Italy has elected its most right-wing government since the end of World War II, and China watchers are anticipating a different type of relationship between Giorgia Meloni, in position to become Italy’s next prime minister, and Beijing based on her comments about Taiwan during her campaign.
Diplomatic issues in Asia are not usually the focus of political debate in Italian elections, but analysts noted that before the election, Meloni made a rare statement on Taiwan, voicing opposition to China’s military threats to the island. She also said she would promote bilateral contacts between Italy and Taiwan, something Beijing strongly opposes.
In July, Meloni posted on Twitter a pre-election statement on Taiwan. The post showed a photo of her and Taiwan’s representative in Italy, Andrea Lee Sing-ying. Meloni called Lee an ambassador. The tweet continued by saying she “always stands alongside those who believe in the values of freedom and democracy.”
Taiwan and Italy do not have formal diplomatic relations. Like many other nations, Italy has diplomatic relations with China. Beijing claims democratic Taiwan as part of its territory and bristles at any official contacts between Taipei and other nations.
Last week, in an interview with Taiwan’s official Central News Agency, Meloni said the party that she leads, the Brothers of Italy, would join democratic countries in condemning China’s military threat to Taiwan and that the European Union should use all of its diplomatic and political means to exert pressure to avoid conflicts in the Taiwan Strait.
Taiwan as bridge
Meloni also noted she would deepen exchanges with Taiwan in culture, tourism, public health, scientific research and the semiconductor industry, despite differences in political philosophies with Taiwanese President Tsai Ing-wen.
Meloni did not specify in which areas she differed with Tsai’s philosophies. Tsai is Taiwan’s first female president, and Meloni is set to become Italy’s first female prime minister, but it is widely known that Tsai supports same-sex marriage, something Meloni opposes.
At a regular briefing this week, China Foreign Ministry spokesperson Wang Wenbin voiced confidence that ties with Italy would remain strong but urged “certain individuals” in Italy to recognize the “highly sensitive nature” of what Beijing calls the “Taiwan question.”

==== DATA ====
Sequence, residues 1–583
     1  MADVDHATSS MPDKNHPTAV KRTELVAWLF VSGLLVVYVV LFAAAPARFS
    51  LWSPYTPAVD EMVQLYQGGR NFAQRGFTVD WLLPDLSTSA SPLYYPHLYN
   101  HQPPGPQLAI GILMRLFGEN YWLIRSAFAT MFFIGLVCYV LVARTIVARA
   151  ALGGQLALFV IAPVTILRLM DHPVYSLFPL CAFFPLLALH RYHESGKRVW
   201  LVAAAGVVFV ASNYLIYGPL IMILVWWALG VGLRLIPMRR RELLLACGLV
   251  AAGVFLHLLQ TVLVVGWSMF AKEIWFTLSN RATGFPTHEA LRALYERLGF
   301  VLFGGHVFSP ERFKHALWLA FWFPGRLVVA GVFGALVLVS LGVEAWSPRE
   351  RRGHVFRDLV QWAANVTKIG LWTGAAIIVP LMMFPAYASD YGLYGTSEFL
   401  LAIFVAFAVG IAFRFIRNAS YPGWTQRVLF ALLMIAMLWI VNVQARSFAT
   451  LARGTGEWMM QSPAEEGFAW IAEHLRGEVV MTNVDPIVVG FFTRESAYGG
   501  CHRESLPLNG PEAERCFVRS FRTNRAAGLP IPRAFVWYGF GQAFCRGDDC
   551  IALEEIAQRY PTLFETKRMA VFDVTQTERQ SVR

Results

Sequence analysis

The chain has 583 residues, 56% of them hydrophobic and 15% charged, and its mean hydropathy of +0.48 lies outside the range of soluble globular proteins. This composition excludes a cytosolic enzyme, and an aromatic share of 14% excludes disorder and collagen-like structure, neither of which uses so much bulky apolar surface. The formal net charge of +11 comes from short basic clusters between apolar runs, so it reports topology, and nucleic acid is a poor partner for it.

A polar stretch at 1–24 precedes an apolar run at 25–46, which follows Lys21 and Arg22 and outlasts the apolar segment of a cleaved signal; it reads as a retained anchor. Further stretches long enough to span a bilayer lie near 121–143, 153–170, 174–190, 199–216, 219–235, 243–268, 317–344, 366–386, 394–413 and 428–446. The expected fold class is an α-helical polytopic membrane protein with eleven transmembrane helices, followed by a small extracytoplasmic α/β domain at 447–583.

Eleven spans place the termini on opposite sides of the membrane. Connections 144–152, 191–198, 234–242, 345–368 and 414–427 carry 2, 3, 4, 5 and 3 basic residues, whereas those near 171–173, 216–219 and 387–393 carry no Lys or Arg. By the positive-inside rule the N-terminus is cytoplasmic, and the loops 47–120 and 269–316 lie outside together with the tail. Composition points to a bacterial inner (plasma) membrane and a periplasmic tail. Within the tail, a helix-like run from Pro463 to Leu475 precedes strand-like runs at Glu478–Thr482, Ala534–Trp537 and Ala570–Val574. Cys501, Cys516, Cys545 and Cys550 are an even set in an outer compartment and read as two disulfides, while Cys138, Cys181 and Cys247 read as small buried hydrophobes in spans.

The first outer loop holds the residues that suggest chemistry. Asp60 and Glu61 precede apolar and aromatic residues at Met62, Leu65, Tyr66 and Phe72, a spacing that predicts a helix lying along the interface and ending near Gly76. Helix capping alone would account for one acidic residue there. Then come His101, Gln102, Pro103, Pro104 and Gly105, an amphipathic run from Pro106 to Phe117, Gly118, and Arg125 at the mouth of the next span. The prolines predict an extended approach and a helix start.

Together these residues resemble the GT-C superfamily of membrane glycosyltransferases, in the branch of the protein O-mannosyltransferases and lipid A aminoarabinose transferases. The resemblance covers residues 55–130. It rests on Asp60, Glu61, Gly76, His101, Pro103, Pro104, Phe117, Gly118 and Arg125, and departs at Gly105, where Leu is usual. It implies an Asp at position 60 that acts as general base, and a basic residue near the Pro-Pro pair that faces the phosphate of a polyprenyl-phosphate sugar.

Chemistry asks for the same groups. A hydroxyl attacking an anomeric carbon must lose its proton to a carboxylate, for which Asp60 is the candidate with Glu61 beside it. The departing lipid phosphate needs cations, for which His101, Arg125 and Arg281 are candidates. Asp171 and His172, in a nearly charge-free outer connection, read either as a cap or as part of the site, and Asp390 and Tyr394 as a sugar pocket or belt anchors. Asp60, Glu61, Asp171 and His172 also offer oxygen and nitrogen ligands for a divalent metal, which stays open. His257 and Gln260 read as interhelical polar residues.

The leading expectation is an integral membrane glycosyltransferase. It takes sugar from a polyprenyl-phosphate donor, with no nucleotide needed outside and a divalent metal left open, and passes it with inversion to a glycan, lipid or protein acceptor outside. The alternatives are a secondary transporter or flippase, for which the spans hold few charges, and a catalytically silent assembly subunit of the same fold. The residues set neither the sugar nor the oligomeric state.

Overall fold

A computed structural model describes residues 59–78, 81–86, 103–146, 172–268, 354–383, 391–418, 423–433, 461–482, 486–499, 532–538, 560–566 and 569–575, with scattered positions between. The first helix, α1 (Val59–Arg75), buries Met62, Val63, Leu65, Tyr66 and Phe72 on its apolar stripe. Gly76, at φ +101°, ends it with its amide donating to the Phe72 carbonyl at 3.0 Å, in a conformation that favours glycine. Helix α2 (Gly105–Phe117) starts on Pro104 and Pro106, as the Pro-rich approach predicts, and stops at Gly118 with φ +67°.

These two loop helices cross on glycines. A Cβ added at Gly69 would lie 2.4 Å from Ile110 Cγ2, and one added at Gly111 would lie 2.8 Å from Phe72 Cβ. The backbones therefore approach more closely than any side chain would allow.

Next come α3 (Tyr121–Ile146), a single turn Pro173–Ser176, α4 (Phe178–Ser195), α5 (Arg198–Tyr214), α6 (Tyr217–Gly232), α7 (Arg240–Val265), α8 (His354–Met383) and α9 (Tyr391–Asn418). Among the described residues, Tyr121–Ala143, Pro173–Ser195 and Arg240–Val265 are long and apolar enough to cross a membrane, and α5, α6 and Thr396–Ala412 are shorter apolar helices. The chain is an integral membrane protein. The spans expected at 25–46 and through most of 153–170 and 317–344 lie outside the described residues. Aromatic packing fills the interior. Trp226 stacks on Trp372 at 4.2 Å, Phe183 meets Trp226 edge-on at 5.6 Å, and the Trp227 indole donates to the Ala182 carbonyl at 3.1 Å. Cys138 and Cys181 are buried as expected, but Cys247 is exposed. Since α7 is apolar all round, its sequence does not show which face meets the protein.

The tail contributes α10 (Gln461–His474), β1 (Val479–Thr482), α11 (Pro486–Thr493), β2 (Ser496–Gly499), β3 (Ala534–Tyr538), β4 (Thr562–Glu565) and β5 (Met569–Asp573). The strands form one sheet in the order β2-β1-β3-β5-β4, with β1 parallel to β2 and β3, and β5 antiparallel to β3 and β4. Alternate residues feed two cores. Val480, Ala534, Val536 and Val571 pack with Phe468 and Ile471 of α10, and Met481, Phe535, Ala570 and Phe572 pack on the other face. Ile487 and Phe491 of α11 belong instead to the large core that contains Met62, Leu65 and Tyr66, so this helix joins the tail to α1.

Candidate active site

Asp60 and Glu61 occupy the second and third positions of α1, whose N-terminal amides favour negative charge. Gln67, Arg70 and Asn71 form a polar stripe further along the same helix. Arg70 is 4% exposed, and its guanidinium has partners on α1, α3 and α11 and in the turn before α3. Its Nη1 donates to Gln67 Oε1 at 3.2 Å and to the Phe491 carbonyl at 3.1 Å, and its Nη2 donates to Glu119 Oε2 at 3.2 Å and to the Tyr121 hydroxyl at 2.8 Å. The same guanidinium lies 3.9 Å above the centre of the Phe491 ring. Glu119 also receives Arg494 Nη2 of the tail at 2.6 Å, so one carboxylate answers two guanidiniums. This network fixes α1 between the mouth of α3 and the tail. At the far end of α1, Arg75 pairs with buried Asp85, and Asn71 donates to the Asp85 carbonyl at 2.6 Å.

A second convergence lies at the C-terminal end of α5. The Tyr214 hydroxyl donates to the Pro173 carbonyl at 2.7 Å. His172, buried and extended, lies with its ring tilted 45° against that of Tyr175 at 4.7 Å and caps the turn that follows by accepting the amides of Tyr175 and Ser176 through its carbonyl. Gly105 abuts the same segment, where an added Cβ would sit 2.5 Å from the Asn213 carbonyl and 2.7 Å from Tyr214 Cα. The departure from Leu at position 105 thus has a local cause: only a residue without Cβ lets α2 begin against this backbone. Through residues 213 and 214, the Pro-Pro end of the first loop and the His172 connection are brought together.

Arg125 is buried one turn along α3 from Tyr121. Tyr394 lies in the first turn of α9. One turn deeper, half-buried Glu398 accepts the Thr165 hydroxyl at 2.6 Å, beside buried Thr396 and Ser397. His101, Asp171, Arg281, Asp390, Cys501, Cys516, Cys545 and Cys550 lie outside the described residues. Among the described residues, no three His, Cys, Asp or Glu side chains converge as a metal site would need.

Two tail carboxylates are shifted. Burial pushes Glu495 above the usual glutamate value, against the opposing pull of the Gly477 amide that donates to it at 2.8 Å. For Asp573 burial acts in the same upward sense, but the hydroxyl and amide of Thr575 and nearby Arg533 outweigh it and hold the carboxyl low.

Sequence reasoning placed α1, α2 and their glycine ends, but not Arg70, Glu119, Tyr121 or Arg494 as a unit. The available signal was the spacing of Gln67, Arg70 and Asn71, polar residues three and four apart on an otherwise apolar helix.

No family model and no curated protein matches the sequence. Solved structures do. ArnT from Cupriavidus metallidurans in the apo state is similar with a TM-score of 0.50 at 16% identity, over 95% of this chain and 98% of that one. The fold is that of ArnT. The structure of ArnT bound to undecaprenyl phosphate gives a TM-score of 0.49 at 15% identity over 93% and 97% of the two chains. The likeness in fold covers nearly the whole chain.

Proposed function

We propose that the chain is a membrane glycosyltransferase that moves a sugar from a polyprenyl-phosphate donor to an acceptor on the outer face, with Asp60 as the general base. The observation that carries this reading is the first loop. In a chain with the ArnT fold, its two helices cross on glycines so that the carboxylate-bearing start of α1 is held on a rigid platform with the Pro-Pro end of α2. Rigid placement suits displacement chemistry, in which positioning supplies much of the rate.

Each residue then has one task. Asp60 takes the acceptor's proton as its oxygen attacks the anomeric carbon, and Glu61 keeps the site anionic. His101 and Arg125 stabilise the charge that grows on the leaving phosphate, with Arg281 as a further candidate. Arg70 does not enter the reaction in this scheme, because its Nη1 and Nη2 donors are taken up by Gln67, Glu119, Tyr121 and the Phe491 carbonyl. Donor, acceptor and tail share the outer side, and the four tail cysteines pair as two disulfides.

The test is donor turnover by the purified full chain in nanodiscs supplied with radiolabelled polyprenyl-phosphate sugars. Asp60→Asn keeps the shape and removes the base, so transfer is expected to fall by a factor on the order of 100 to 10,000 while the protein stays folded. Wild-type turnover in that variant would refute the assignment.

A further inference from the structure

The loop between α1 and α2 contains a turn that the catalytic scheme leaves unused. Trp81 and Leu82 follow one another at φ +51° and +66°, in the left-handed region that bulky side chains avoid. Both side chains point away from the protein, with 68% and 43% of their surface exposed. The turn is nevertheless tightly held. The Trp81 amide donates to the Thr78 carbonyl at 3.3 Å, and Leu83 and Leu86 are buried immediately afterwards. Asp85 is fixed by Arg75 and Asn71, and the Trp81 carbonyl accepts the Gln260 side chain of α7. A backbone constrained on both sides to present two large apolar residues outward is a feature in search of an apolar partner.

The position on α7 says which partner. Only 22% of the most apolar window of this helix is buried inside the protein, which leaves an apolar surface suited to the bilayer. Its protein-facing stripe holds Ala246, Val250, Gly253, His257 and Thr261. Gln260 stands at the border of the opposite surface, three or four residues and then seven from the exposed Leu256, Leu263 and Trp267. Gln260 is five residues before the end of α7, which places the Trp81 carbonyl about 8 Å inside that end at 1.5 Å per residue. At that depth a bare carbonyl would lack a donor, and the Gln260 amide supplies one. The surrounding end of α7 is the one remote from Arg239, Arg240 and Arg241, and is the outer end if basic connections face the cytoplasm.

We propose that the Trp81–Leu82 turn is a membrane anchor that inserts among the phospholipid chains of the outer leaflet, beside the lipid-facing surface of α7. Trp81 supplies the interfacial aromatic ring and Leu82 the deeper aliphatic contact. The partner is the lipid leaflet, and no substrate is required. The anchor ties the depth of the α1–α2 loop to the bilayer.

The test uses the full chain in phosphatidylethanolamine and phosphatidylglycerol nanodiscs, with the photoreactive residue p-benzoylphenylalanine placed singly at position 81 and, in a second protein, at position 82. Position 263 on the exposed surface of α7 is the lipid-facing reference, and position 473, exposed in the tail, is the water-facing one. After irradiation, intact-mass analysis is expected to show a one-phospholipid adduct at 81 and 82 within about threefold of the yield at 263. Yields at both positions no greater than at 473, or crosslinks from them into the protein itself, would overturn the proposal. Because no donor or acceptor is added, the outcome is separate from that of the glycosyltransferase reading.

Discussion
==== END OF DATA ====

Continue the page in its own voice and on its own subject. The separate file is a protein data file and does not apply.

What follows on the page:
“The Taiwan question is purely China’s internal affair, which brooks no foreign interference,” Wang said. He also cautioned against “sending wrong signals to the ‘Taiwan independence’ separatist forces.”
Guido Alberto Casanova, an associate researcher at the Italian Institute for International Political Studies, told VOA Mandarin that as a nationalist, from Italy’s far-right, Meloni’s adversarial position on China speaks to the need to protect the interest of Italian industries from Chinese takeovers. But her position is also aimed at building up her international credibility, he said.
“She has a very controversial background. She comes from a post-fascist era of Italian politics; she was mutating in the far right. … So, she needs to calm people both in Europe and the United States,” he said, speaking with VOA in a phone interview.
“The hot issue, in the United States, at least, is the defense of democracy and human rights. Taiwan, of course, is the key. That’s why she needs to present herself as in solidarity with the American support for Taiwan, because she needs to win approval,” he said.
Belt and Road in the balance?
The Italian government has long had friendly relations with Beijing and has rarely spoken out on China issues. Chinese state media reports on Italy have mostly been positive.
However, the changes in Italy’s political landscape and the dramatic shift in opinion toward China globally, as well as among Italian citizens, could have an effect on relations between Rome and Beijing, analysts said.
One area in question under the new leadership is China’s Belt and Road Initiative (BRI), a global infrastructure project that Italy has previously supported.
Italy is the only G-7 country to have signed a memorandum of understanding with China on the BRI. It was signed by then-Italian Prime Minister Giuseppe Conte and China’s President Xi Jinping during the Chinese leader’s visit to Italy in 2019. The document is valid for five years and will remain in force if there are no objections from either side.
The Italian government had hoped the deal with Beijing would boost Italian exports to China. However, some observers said China was more interested in building infrastructure in the country and buying up companies than boosting trade. For her part, Meloni has already voiced skepticism and called the signing of the agreement with China a huge mistake.
“If the memorandum is renewed tomorrow, I hardly see the right political conditions,” she said in a September 23 interview with Taiwan’s state Central News Agency.
Francesco Sisci, a longtime political analyst of China affairs and a visiting professor at LUISS University in Rome, told VOA Mandarin that the BRI had practically stopped in Italy.
“The Italian government has promised a lot but very little has been carried out – in fact, almost zero. The memorandum is completely empty,” Sisci told VOA in a phone interview. “The Belt and Road Memorandum is a failure for both Italy and China. Both sides had a big misunderstanding, so the document should not have been signed.”
While Meloni is expected to become the next prime minister of Italy, it will take weeks for the new Italian government to be formed.
Bo Gu contributed to this report.